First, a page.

Tuesday, December 11, 2018

Schleicher ASW 28-18E, registered to and operated by the pilot, N63KR: Fatal accident occurred May 26, 2017 near Ephrata Municipal Airport (KEPH), Grant County, Washington

Kyle Ray Roberson 

In 2015, Kyle allowed himself to follow a dream and learned to soar in a sailplane. He was very happy the morning of his last flight, May 26th, 2017. He loved, and is loved, by his wife of 43 years, Kaye Christensen Roberson.

The National Transportation Safety Board traveled to the scene of this accident.

Additional Participating Entity:

Federal Aviation Administration / Flight Standards District Office; Spokane, Washington

Aviation Accident Factual Report - National Transportation Safety Board: https://app.ntsb.gov/pdf

Investigation Docket - National Transportation Safety Board: https://dms.ntsb.gov/pubdms


Location: Ephrata, WA
Accident Number: WPR17FA107
Date & Time: 05/26/2017, 1523 PDT
Registration: N63KR
Aircraft: SCHLEICHER ASW 28 18E
Aircraft Damage: Substantial
Defining Event: Loss of control in flight
Injuries: 1 Fatal
Flight Conducted Under: Part 91: General Aviation - Personal


On May 26, 2017, about 1523 Pacific daylight time, a Schleicher ASW 28-18E motorglider, N63KR, impacted terrain about 9 miles west-northwest of Ephrata Municipal Airport (EPH), Ephrata, Washington. The pilot was fatally injured, and the glider sustained substantial damage. The glider was registered to and operated by the pilot under the provisions of Title 14 Code of Federal Regulations Part 91. Visual meteorological conditions prevailed at the time of the accident, and no flight plan was filed for the local personal flight, which originated from EPH about 1420.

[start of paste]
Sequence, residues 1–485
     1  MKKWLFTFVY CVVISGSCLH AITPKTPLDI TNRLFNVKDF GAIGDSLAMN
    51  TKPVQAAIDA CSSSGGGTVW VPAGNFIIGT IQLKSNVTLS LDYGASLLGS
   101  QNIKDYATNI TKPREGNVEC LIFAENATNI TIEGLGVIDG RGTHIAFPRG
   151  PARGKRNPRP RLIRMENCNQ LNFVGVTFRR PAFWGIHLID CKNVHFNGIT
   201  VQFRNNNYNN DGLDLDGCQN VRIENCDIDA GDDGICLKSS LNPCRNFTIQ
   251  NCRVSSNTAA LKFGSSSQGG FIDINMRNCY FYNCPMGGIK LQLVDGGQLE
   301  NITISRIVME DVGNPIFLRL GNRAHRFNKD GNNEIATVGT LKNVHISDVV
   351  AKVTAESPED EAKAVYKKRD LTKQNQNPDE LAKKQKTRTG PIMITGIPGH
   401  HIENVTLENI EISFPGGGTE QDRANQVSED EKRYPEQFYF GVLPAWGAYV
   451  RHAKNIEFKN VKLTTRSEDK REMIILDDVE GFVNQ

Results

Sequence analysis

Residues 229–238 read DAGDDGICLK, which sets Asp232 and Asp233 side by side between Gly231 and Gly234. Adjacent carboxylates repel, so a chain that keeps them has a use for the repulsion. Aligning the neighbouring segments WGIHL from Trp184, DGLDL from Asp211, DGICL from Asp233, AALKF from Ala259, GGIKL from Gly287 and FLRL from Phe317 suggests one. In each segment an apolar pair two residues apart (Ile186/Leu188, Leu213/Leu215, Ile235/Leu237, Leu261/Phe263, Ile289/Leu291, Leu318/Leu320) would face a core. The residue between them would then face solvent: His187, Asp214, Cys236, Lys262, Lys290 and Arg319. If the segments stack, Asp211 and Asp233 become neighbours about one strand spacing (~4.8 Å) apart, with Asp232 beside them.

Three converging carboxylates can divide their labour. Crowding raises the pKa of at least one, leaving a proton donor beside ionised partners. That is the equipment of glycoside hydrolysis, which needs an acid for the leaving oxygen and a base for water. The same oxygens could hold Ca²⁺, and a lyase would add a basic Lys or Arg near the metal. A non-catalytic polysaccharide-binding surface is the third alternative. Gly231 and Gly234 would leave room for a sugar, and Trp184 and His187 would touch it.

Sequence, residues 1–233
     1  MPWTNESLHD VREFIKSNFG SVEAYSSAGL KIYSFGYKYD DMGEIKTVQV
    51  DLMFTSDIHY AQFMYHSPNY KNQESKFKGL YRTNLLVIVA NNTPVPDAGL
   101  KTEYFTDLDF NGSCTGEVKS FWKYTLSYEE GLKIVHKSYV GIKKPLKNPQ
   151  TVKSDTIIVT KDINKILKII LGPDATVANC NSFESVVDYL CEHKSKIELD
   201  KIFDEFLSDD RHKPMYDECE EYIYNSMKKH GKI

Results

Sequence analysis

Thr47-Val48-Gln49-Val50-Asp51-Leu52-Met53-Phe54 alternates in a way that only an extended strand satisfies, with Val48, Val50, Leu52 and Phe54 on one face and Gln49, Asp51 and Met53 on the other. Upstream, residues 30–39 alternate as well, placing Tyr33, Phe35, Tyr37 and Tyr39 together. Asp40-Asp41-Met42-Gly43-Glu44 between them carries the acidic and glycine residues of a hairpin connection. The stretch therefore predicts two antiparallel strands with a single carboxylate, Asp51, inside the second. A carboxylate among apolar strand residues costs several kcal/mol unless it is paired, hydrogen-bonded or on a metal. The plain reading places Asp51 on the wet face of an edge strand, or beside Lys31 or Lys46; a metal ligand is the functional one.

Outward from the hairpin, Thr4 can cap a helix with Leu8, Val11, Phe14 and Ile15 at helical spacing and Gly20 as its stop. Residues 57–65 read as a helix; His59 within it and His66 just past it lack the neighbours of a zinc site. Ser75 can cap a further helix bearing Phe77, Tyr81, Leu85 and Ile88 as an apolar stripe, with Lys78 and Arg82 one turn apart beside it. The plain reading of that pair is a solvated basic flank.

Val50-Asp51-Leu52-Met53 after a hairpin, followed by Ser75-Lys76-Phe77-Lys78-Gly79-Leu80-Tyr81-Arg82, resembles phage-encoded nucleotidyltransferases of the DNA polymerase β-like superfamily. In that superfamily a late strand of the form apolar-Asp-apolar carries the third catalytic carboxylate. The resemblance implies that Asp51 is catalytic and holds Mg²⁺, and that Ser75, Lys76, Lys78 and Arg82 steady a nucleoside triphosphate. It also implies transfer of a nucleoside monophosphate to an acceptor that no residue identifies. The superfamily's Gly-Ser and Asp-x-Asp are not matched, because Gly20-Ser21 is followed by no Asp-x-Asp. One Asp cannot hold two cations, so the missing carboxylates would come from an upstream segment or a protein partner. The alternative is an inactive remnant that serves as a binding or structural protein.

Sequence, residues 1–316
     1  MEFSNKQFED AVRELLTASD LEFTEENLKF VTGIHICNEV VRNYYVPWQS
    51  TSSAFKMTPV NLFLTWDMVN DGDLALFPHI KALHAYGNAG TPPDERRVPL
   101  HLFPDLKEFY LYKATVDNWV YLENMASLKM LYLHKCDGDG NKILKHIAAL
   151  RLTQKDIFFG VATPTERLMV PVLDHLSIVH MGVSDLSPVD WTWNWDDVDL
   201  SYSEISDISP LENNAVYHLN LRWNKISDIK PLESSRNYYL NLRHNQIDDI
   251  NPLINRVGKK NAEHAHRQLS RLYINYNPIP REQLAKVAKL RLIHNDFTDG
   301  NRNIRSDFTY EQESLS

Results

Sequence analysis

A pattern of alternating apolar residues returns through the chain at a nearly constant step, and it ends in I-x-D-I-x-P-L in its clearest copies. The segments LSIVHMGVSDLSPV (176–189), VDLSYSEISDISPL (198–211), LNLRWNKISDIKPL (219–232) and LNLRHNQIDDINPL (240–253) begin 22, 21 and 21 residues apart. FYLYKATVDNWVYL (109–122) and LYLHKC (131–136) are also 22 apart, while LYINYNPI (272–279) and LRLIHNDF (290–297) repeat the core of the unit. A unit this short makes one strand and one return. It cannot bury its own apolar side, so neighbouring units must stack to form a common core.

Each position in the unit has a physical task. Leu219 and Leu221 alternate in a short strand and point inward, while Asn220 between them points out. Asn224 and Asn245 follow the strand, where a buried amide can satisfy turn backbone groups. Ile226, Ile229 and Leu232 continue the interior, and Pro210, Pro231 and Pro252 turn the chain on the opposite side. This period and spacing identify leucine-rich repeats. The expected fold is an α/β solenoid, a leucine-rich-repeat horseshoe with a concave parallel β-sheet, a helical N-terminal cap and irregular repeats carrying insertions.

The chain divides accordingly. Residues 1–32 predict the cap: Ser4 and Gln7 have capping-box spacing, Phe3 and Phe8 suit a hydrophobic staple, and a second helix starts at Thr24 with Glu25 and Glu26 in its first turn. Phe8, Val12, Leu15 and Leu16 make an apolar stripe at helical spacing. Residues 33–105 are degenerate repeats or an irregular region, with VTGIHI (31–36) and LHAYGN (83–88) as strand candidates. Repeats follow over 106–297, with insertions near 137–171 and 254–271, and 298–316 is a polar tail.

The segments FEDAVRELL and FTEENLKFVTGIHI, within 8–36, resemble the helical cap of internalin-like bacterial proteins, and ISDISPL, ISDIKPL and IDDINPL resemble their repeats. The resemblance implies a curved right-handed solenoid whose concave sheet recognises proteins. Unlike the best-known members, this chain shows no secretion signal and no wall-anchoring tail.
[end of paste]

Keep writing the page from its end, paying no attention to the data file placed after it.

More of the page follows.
The pilot obtained a tow to altitude from an airplane operated by a soaring club at EPH. The pilot's towcard indicated that he released from tow at an altitude of 3,000 ft above ground level (agl).

The glider was equipped with a PowerFLARM portable GPS device/transponder, which documented its flight track, speed, and altitude. Data retrieved from the device showed a flight track that began northwest of EPH about 1436. The glider made several 360° turns and flew in a generally westward direction until it was about 15 nautical miles from the airport. The glider then established a generally eastward route of flight, again making several 360° turns as it tracked east. The data ended about 9 miles west-northwest of EPH about 1523. The glider reached its highest altitude of the flight, about 8,500 ft GPS altitude, about 1447; after that, the glider slowly descended until it leveled off temporarily about 3,900 ft before it continued to slowly descend until the end of the data. Throughout the flight, the glider's speed varied between 40 and 108 knots. During the last 8 minutes of recorded data, the glider's speed was gradually decreasing from about 76 knots to about 40 knots. There were no witnesses to the accident.


The pilot held a private pilot certificate with a glider rating, issued July 24, 2016. He did not hold a Federal Aviation Administration medical certificate, nor was he required to for glider operations. The pilot started glider training in August 2015 in Deer Park, Washington, and took an extended break before he finished training in Moriarty, New Mexico. The pilot's wife mentioned that his flight training was in two-seated gliders; she recalled him training in a Lark, DG505, and a Grob 103. The accident flight was the pilot's second flight in both the accident glider and in a single-seat glider.


The pilot purchased the glider on July 26, 2016; his first flight in it occurred on May 7, 2017 from EPH. The glider was equipped with a SOLO 2350, 2-stroke engine; and it has a stall speed of about 38 knots.